The Cybermobs is coming to an end. During this month, you have been made aware of the cybersecurity risks to which individuals and companies can be subjected. According to experts, cybersecurity incidents are the second source of risk for companies, with business disruptions being the first. Faced with this observation, and to help you strengthen your cybersecurity, we bring you some advice.
Make Regular Backups
Backups of your data are important. In the event of an attack or failure, you can restore the data and activities saved just before. Therefore, a backup can be scheduled on a regular basis. Data duplication keeps all of your company’s backed up data. You should set up backups periodically. This will help you anticipate attacks and avoid slowing down or even stopping your activities. It also fits into business continuity or resumption plans.
Educated employees are the key to your cybersecurity
“Most computer problems lie between the keyboard and the chair”. This quote makes perfect sense in today’s IT security environment. Indeed, poorly trained or poorly aware, employees represent the weak link in your cybersecurity. Just one click on an infected link can topple your business security. Not to mention the risks of espionage that often involve employees. In addition, with the teleworking system that is growing, it is important to make people in your organization aware of good practices. Consequently, raising your employees’ awareness, carrying out frequent training, simulation exercises and making the appropriate tools available are elements that you can introduce to reduce the risks.
Call in cybersecurity experts
Only two in ten companies say they are able to manage a cyber-attack. This is very low if we take into account the risks and consequences of a cyber-attack. Cybersecurity is an area of expertise in its own right. If you can’t develop the cybersecurity skills you need, bringing in the experts may be a solution, Cyber Boy Corp is serving at its best. They will share their advice, expertise and experience with you to guide you in setting up a cybersecurity strategy. Bringing in a cybersecurity expert is a short-term investment. However, you will be able to counter threats and be prepared in the event of an attack, minimizing possible losses.
Perform functional audits and penetration tests to improve your cybersecurity
A functional audit takes stock of your company’s security. You will be able to identify the strengths and weaknesses of your security, and thus have areas for improvement. Likewise, carrying out frequent functional audits gives a vision of the evolution of the security measures applied in the IT company. You will also have an overview of the structural, organizational and material resource needs. Intrusion tests, on the other hand, aim to test the security of a computer system, a network or an application, to identify its vulnerabilities. The tester will have to put himself in the role of a hacker, looking for loopholes and acting in the role of a malicious attack. Penetration tests assess the security of a system in real conditions, at a precise moment.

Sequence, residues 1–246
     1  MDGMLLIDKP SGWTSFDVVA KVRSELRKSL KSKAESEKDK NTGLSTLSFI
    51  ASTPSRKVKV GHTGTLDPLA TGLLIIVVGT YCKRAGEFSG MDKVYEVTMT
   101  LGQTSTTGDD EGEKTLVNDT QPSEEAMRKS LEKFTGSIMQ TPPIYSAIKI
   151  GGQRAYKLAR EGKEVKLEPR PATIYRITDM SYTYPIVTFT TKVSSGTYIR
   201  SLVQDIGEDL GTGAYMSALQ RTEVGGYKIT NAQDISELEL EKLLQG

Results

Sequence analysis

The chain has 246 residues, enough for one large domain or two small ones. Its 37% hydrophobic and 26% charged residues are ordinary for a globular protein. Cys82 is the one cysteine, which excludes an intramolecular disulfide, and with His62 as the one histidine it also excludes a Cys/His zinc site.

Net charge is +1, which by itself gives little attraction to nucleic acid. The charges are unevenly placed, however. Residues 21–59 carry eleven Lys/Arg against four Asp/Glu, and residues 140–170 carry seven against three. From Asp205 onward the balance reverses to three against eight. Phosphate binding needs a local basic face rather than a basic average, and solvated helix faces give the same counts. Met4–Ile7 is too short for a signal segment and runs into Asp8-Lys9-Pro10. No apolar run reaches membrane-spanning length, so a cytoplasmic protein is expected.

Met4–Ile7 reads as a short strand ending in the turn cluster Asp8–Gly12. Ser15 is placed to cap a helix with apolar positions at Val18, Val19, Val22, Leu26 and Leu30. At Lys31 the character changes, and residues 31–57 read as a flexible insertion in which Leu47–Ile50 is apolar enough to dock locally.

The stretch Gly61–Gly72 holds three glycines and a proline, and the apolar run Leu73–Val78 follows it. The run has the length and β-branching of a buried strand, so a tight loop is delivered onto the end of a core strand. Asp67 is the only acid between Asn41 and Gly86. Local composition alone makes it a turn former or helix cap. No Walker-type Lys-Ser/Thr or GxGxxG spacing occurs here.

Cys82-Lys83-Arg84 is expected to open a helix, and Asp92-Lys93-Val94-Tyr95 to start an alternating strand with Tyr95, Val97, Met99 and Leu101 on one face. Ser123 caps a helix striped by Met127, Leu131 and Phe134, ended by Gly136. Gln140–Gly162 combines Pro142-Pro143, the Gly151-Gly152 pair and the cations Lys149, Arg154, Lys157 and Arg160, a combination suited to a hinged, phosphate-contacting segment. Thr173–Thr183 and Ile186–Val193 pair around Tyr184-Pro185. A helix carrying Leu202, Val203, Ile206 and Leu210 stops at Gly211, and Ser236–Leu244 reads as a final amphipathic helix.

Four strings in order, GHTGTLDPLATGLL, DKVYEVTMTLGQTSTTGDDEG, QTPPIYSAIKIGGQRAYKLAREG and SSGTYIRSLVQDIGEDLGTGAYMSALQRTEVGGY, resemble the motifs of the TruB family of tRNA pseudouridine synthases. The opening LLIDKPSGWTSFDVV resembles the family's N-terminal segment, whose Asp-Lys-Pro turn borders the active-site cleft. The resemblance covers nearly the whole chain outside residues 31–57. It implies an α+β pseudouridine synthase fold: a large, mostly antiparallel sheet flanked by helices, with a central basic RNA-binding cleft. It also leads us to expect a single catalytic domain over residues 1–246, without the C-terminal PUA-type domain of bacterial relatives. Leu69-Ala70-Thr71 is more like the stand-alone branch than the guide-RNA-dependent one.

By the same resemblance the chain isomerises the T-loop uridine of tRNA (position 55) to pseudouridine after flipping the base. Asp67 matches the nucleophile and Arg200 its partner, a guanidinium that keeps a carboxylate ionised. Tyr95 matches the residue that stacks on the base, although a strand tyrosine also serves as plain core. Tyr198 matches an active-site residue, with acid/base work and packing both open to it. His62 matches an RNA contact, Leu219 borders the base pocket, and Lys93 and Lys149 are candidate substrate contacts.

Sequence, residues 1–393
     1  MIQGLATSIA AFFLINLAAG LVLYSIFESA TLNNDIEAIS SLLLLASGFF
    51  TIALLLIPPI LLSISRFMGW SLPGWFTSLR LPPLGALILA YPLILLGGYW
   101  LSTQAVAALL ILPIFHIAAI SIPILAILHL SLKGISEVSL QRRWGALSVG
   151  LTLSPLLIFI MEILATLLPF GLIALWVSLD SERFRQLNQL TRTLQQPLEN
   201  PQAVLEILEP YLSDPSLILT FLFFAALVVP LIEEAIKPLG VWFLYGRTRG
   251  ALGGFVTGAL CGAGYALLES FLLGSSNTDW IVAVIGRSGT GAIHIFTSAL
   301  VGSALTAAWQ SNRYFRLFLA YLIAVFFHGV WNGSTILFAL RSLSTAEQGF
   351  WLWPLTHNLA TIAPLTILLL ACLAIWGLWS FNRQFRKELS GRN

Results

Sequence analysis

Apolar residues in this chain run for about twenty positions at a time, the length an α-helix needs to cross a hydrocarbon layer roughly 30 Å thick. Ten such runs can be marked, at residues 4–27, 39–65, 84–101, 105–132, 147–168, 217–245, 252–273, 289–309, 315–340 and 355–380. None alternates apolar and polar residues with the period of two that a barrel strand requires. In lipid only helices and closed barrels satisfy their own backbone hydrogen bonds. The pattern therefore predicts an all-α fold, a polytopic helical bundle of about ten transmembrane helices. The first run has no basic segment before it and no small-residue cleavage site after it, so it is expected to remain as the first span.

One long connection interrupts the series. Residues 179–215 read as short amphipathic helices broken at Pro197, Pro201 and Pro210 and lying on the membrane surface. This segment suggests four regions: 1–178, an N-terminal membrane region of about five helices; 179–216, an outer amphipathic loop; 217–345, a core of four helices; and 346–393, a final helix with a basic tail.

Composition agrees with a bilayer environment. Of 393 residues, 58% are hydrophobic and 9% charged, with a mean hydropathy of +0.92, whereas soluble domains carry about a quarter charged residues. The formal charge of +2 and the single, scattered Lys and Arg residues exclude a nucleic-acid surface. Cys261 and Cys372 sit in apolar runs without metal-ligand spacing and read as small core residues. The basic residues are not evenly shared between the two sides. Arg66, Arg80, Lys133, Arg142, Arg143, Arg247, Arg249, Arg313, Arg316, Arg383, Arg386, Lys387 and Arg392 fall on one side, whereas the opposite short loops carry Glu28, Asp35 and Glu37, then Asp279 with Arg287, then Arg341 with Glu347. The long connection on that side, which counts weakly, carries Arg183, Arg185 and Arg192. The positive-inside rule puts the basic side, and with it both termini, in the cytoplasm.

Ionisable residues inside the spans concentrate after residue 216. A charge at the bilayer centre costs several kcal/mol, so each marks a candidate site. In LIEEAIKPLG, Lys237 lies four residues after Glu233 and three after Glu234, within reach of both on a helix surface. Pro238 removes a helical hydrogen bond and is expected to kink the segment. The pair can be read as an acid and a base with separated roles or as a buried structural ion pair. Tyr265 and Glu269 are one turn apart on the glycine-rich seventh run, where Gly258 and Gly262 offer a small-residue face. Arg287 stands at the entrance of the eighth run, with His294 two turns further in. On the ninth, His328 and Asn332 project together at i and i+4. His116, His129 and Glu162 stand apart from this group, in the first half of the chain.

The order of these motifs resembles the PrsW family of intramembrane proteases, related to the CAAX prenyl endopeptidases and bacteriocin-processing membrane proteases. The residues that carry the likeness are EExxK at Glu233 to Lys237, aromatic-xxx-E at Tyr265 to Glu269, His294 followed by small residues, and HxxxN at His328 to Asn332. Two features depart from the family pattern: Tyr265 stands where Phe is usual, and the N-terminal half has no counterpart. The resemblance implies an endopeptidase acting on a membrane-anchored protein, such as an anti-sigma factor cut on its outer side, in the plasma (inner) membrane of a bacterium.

A Business Continuity Plan, or BCP, is a key element in the management of a crisis or a cyber-attack. A BCP foresees and anticipates the disruptive elements of a company’s activity. A risk analysis and an impact analysis are carried out. In the event of an IT breach, the PCA allows business and critical business processes to continue without losing data.
A Business Recovery Plan, or PRA, is a set of procedures that allow activities to be restored and resumed after an incident, through temporary measures. Through identifying critical activities, resources and solutions for maintaining operations, the goal of a PRA is to resume IT activities as quickly as possible.
A PRA can perform software and password updates
Updates are important. Beyond the often aesthetic and ergonomic aspect of the latter, most of the time they have a security aim. Indeed, in software, applications and operating systems, flaws can be detected; updates reduce risk. You are most likely at risk of a known security vulnerability if you do not perform updates when available. Likewise, changing passwords is an often forgotten solution. Using a strong password is important. However, it’s just as important to change it regularly and not to use it on all of your accounts. ANSSI recommends changing the password every 90 days.